China partnering, not plundering, in Africa

Tue Sep 15, 2009 2:01pm GMT
 

By Ed Cropley, African Investment Correspondent

PRETORIA (Reuters) - Beijing is worried about culturally naive Chinese companies damaging its image in Africa, but thinks the perception that it is only after cheap oil and minerals is unfair, its ambassador to Pretoria said on Tuesday.

Zhong Jianhua also said Africa was destined for an economic revolution similar to China's, and that Chinese investment and its experience of the last 30 years would help the poorest continent achieve that end.

"We saw what happened in China in the last 30 years ... Probably, the African continent is coming to that sooner or later," Zhong told Reuters in an interview. "We hope that China can give it some help."

Chinese trade with Africa has increased ten-fold in the last decade, and last year China overtook the United States as the continent's principal commercial partner, with two-way flows totalling $107 billion.

At the same time, its investment has widened from mainly resources and energy -- the raw materials for its own rapid economic expansion -- into areas as diverse as banking, telecommunications, and the building of roads and railways.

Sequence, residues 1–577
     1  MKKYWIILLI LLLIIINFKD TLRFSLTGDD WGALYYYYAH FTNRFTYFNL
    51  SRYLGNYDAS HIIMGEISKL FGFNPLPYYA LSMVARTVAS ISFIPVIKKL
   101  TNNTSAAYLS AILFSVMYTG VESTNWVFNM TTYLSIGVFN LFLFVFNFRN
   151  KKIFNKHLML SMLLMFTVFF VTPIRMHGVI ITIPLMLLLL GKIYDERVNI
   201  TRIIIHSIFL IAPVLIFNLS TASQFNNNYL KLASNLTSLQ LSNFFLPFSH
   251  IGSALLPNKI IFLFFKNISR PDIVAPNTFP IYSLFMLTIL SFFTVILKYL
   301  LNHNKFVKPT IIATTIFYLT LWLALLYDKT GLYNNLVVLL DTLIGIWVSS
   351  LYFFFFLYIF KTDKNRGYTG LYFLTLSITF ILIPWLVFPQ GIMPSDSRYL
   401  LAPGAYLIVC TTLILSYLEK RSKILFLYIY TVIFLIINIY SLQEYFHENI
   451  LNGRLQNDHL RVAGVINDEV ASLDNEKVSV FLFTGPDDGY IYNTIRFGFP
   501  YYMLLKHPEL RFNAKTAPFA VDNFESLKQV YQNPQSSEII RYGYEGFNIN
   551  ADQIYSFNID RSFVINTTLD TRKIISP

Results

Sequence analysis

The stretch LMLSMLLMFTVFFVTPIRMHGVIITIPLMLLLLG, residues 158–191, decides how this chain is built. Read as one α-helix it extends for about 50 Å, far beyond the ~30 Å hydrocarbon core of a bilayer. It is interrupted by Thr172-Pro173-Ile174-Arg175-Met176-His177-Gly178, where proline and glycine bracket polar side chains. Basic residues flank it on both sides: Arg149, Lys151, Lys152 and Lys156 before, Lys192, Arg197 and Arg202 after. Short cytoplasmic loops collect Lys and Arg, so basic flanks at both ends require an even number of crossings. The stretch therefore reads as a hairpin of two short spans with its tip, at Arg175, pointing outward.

Zhong acknowledged that that expansion had not been without its problems, but said tensions were most often due to a lack of experience of foreign practices and cultures by Chinese managers working overseas for the first time.

"When Chinese companies come out of China, this world is strange to them," he said. "There a lot of things for Chinese companies to learn about."

In two incidents, five Zambians were shot and wounded in a 2005 riot over pay and safety conditions at a Chinese-owned mine, and a year later 52 were killed in an explosion at a Chinese firm making explosives for mining.   Continued...

<p>Ethiopia's Prime Minister Meles Zenawi reads the Declaration of the Beijing Summit of the Forum on China-Africa Cooperation as other African leaders listen at the Great Hall of the People in Beijing, November 5, 2006. REUTERS/Claro Cortes IV</p>
 
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